A more pressing issue has been our pathways. We have two long 30-40meter concrete paths, a long ramped one (around 20-30 degree slope) up to the upper street and carpad and another zig-zag path with a mix of ramps and steps heading down to the lower street where the bus stop is.

Both paths are not in the best condition. The lower one requires a complete replacement, it’s probably around 80 years old and the non-reinforced concrete has cracked and shifted all over the place.

The upper one is more structurally intact, but has it’s own share of issues. The first most serious issue is that the steeper upmost end gets incredibly slippery in winter. It seems that although the concrete has been brush-finished whenever it rains, any grip it had just vanishes and it basically becomes a slide.

Jethro vs Autumn

Jethro vs Autumn

Naturally slipping to a broken/leg/face/life isn’t ideal and we’ve been looking at options to fix it. We could convert the steepest bit from a ramp to steps, but steps have their own safety issues and we aren’t keen the lose the ramp as it’s the best way for getting large/heavy items to/from the house.

So a couple months ago I put down some Resene Non-slip Deck & Path which is a tough non-slippery paint product that basically includes a whole heap of sand which turns the smooth concrete path into something more like fine sandpaper.

We weren’t too sure about how good it would be, so we put down a 0.5l strip to test it out on the worst most part of the path.

A/B Testing IRL

A/B Testing IRL

It doesn’t feel that different to brushed concrete in the dry, but in the wet the difference is night & day and you really do feel a bit more attached to the path. We’ll still need to invest in a decent handrail and fence, but this goes a long way towards an elegant fix.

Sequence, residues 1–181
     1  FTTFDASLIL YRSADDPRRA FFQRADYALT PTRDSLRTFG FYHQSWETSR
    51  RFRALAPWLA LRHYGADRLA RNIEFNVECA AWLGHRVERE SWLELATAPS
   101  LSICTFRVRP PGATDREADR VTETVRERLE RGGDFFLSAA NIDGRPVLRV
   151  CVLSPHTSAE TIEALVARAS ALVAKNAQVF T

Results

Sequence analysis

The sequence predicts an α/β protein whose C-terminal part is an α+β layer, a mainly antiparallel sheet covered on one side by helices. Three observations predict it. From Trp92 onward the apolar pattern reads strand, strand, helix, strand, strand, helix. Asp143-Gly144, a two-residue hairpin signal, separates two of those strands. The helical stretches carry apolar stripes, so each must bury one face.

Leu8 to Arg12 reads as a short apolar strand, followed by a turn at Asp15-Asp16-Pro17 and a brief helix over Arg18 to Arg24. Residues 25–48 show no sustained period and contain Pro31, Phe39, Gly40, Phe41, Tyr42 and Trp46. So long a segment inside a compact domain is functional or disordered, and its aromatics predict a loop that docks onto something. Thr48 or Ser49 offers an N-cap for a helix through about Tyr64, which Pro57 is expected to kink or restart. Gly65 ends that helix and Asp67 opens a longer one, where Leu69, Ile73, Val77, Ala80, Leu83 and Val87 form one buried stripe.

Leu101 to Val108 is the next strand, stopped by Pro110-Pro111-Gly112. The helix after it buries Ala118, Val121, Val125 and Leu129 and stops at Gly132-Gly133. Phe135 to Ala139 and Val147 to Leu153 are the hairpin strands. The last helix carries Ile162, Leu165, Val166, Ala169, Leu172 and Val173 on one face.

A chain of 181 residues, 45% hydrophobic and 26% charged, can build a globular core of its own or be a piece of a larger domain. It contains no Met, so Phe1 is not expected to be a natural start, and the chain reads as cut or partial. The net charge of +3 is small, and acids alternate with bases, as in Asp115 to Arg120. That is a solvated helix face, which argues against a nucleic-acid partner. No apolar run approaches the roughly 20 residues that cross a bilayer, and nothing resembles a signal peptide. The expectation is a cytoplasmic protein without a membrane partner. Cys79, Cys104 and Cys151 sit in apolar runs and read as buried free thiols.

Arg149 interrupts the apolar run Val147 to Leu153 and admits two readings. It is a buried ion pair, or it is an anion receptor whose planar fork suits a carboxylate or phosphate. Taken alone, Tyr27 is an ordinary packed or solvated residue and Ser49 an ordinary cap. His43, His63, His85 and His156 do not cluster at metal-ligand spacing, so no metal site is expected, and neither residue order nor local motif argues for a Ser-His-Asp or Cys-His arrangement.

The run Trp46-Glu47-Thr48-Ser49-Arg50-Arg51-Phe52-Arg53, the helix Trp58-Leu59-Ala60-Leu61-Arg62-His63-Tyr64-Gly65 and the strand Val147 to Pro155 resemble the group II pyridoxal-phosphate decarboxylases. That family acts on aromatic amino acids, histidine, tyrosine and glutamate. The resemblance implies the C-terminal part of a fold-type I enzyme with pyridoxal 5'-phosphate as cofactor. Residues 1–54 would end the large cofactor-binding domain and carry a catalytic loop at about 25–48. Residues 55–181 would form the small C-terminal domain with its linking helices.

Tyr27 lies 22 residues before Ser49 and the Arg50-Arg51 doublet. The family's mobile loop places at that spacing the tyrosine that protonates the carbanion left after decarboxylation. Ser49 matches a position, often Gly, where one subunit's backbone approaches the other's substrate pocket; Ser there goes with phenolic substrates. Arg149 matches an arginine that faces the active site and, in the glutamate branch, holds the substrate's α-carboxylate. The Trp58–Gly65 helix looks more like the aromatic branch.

I’ve since brought another 10l and painted the upper portion, essentially all the “good” concrete we have. I thought that it might be too dark but actually it looks very sharp and once we put a new fence up (maybe white picket?) it will look very clean and tidy.

Slick new path!

Old concrete, as good as new! :-)

The other ~30meters down to the house isn’t in such good shape, the surface is quite uneven in places and it’s missing chunks. We have a project to do to repair or replace the rest of it, once done the intention will be to paint the rest of the path in the same colour and it should look and feel great.


All this work requires a fair few tools, I’ve finally clean up the dining room where they had been accumulating and they’re now living properly in the shed.



One of the most interesting lessons I’ve had so far is that buying decent tools is often far cheaper than hiring tradies to do something for you – generally tools are cheap, even decent ones, but labour is incredibly expensive.


Why yes, that is a hardwood lamppost that I’m chainsawing.

The same thing applies to parts, it’s generally cheaper to just buy a new replacement of something than it is to fix it – I’m used to this from the IT world, but didn’t expect it from IRL.

In our cases, we had a shower mixer that decided to start letting a constant small stream of water through rather than shutting off properly.

Jethro vs Shower

Jethro vs Shower

Taking it apart and even removing it from the wall entirely isn’t too tricky, but I found after removing it all that the issue wasn’t anything trivial like needing a new o-ring and had to call out the plumbers.

Plumbers took it out, look at and it and are all “yeah that needs a new part”, so I ended up paying for the part + the labour – I’d have been better off just buying the whole new part myself and fitting it rather than trying to fix it.


Never underestimate the amount of waste you produce moving into a new place. I filled a skip with 1/3 concrete rubble, 1/3 polystyrene and 1/3 misc waste and there’s still another skip worth of debris around the property, possibly more once I tear all the rotten timber out of the shed.

Polystyrene is my number one enemy right now, almost everything we had shipped to the house when we moved in came with some and it’s crumbly and completely non-recyclable for good measure >:-(.

Where did all this junk come from?

Where did all this junk come from?